2) I did that exact same show a few years earlier with 20 wireless mic's on elementary schoolers, and it was a dream -- nothing broke and we had absolutely no problems with backstage chatter. I thought it was going to be awful going into it and tried to avoid putting mic's on the students, but I was sooOOOooOoo wrong. If students in grades 4-6 can do that, middle and high schoolers certainly can.
3) If people want to talk backstage -- that's fine. I understand why people want to do that -- just be quiet. Our rigger was having problems hearing his cues because of the noise in the backstage hallway. No one has to be dead silent, just wait until you're certain your microphone has been muted, and then you can talk quietly at a whisper.
4) (because we had some students dicking around in the audience during the dress...) By the time you're in 5th grade, and especially 8th, you're adult-enough that you should be capable of conducting yourself responsibly. If you need to get up and move from Point A to Point B, just stand up and and move. You don't need to crawl around in the seating during the rehearsal, or running around like you're secret agents -- you should be capable of standing up and walking to get wherever you need to go.
5) Despite my notes, this show is no different than any other show I've worked with middle and high schools -- the rehearsal will seem scary, notes will seem harsh, people will be heard talking during scene changes, and things will break. The important thing is to understand in live theatre, things happen, and so long as you don't panic, things will be alright. Even if a dress rehearsal seems terrible, time and time again no matter how bad the dress rehearsal seems, the show always comes together for opening night (that is, except for Spiderman...)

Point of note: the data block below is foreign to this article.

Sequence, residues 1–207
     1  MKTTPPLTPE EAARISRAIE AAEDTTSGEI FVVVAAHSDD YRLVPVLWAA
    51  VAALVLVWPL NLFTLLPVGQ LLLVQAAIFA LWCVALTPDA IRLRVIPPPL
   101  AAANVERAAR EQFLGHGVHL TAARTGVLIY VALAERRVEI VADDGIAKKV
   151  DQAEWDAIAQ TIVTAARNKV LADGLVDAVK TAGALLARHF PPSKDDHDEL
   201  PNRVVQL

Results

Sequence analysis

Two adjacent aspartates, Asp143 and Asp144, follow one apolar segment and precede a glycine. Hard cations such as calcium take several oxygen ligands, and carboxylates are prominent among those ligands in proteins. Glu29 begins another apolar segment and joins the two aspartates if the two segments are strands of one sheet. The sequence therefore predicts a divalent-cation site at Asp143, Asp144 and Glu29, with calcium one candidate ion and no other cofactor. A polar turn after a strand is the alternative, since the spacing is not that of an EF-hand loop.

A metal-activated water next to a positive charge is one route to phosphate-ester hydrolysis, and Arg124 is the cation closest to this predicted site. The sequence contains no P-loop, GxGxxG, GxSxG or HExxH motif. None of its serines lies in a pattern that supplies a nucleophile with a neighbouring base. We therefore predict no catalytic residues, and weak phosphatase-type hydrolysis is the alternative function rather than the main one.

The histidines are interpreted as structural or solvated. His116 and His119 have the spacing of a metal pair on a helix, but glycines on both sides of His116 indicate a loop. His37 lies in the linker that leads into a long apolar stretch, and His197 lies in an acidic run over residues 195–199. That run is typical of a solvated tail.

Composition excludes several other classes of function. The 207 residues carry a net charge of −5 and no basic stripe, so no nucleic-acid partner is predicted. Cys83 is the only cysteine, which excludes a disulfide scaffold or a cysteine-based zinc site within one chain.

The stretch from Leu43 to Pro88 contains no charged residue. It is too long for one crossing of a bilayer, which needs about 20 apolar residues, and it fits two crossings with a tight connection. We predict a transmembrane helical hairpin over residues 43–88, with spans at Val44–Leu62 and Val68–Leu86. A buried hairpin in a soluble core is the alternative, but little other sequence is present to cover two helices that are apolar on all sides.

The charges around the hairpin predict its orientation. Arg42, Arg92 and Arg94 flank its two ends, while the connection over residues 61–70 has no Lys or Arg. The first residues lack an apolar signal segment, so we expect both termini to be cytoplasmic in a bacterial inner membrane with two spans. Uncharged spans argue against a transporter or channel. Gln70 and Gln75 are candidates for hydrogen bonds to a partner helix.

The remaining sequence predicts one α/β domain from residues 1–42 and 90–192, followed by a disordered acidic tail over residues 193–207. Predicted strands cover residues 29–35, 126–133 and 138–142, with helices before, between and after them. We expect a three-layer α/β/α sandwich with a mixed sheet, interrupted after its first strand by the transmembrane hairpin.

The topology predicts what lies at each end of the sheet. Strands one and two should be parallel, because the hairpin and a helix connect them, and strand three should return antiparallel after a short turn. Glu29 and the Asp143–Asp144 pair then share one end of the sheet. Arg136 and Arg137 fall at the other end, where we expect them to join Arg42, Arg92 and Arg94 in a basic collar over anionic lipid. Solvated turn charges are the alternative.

As soon as I said #3, our Arts Center Manager chimed in and agreed, as did our audio supervisor -- "if you want to talk, we have no problems so long as you're quiet." That was then quickly defeated by the director sternly saying, "And tomorrow night, I don't want anyone saying anything backstage. You should be dead silent backstage and should only be in the rehearsal hall if you are not about to go on stage." Her firm position on that was so ugly (and in the minds of all of the pro's working that show, unreasonable), that one 5th grader then asked if they were even allowed to go to the bathroom or if they had to first ask permission.
The truly ironic moment during that show was during opening night. During the dress rehearsal, I had given one of the 8th grade lead cast members a phone number to call to get an audition at the next show at the community theatre; I also gave her some specific notes on her performance and told her that she was full of b___s__t for "I didn't think I was good enough" being her primary reason for having not auditioned there before.
Turns out she was the daughter of the director, who thanked me then on opening night for talking to her daughter and boosting her confidence. The director commented how surprised she was that a little confidence boost and some helpful reinforcement can have such a great effect on the quality of her daughter's performance and attitude.